VariablesTPOAb + ( )TPOAb − ( ) value

Age (yrs)25.77 ± 4.2425.09 ± 2.540.372
Goiter (%)23.815.20.301
Family history (%)
Past H/O miscarriages (%)19.9320.60.892
Infertility treatment (%)2.562.460.580
TSH (μIU/mL)3.88 ± 1.21.24 ± 1.2<0.001
Mean TPO titers (IU/mL)352.92 ± 335.614.71 ± 5.2<0.001
Any complication* (%)19.0412.80.463
Miscarriage (%)24.247.760.005
Preterm delivery (%)
Stillbirth (%)3.031.420.124
Full term delivery (%)66.784.160.023
Birth weight (kg)2.7 ± 0.632.6 ± 0.520.590

Complication* includes miscarriages, preterm delivery, pregnancy-induced hypertension, gestational diabetes mellitus, and intrauterine death.
#Baseline data of patients who are lost to follow up is not shown. Patients in Group 6 and 7 are excluded.

4. Discussion

The association between TD and adverse pregnancy outcomes has been studied earlier in western countries [69]. This has scarcely been studied in Indian population except two studies which looked at the prevalence of hypothyroidism in pregnant females [10, 11].

The mean age at presentation is lower (25.19 ± 4.17 years) compared to Western studies, namely, 27 ± 6 years [12], 29 ± 5 years [9] reflecting early marriage and early conception prevalent in India. The mean gestational age at presentation was 10.03 (±1.87) weeks indicating that most of the pregnant women in India do not visit the antenatal clinic during the first 8 weeks of gestation.

Our study demonstrates a higher incidence of hypothyroidism and TAI. The prevalence of hypothyroidism in this cohort is 4.8% which is higher than that in the western literature (2.5% [13], 2.6% [12]) and a previous Indian study (3.69% [11]). The higher prevalence in our study could be due to the higher prevalence of TAI in our cohort (12.4% versus 6.5% [13] and 8% [12]). Studies systematically assessing the prevalence of TAI during pregnancy, however, have not been reported from India. Iodine deficiency could be a contributory cause, but this information cannot be generated from our study as urinary iodine estimation was not done. The percentage of households consuming iodised salt in India as per the Iodine Network Global score card 2010 is 51% [14].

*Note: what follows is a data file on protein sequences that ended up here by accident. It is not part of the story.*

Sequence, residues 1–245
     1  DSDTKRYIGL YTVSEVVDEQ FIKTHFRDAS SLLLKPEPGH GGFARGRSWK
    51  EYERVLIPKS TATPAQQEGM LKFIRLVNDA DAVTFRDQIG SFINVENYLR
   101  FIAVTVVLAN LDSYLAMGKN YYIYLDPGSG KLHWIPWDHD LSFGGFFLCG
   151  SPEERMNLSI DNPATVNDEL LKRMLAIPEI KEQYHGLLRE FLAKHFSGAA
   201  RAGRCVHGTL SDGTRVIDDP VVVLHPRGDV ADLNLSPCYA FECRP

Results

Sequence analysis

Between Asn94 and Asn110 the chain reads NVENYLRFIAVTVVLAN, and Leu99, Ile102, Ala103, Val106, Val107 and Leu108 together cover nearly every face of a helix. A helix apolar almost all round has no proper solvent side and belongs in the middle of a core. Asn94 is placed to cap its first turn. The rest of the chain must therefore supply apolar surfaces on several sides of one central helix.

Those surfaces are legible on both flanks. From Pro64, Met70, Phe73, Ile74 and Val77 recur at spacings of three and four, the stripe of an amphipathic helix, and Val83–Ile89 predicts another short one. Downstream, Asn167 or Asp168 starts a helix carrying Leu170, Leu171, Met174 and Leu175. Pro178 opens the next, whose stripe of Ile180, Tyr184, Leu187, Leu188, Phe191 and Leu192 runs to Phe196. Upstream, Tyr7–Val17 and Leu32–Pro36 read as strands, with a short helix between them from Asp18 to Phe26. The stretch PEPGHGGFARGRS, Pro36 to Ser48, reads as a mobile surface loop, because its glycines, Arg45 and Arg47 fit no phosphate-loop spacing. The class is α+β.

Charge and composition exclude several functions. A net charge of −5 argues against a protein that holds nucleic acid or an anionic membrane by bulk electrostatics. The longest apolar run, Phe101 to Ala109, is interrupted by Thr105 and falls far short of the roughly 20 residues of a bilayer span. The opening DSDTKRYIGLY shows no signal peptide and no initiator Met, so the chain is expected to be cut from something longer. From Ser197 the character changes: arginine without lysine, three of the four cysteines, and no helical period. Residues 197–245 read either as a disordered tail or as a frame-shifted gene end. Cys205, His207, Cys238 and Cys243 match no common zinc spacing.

In the present study, the probable reason for higher miscarriage in patients with hypothyroidism was that they might have had undetected hypothyroidism at conception, and the treatment might have been insufficient to restore euthyroidism. The higher age (mean = 29 years) could also have contributed to miscarriage. Abalovich et al. [9] showed that untreated hypothyroidism, subclinical, or overt, at the time of conception is associated with miscarriage rate of 31.4% compared with 4% in euthyroid subjects at conception. The prevalence of stillbirth and premature delivery was not significantly higher than that in our hypothyroid patient population probably due to the adequate treatment given to the patients to maintain euthyroid state.

The miscarriage rate was 3 times more common in subjects with TAI (7.35 versus 26.5%) in our cohort (Table 3). The association has previously been established by various studies [68, 13]. TAI may be viewed as a marker of generalized immune imbalance that will explain the rejection of fetal graft [15]. Presence of TAI could be associated with a subtle thyroid hormone deficiency, due to the reduced functional reserve characteristic of chronic thyroiditis [15]. Women with thyroid antibodies tend to become pregnant at an average 3-4 years later and are, therefore, more prone to pregnancy loss. In our cohort, the relatively higher age in the patients with miscarriage might also have contributed to pregnancy loss.